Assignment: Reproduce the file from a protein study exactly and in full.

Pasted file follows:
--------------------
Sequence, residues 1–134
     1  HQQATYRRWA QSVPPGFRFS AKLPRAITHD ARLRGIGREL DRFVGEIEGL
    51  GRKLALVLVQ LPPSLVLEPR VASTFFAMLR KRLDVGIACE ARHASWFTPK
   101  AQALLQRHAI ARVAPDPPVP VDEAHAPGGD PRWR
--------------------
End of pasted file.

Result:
Sequence, residues 1–134
     1  HQQATYRRWA QSVPPGFRFS AKLPRAITHD ARLRGIGREL DRFVGEIEGL
    51  GRKLALVLVQ LPPSLVLEPR VASTFFAMLR KRLDVGIACE ARHASWFTPK
   101  AQALLQRHAI ARVAPDPPVP VDEAHAPGGD PRWR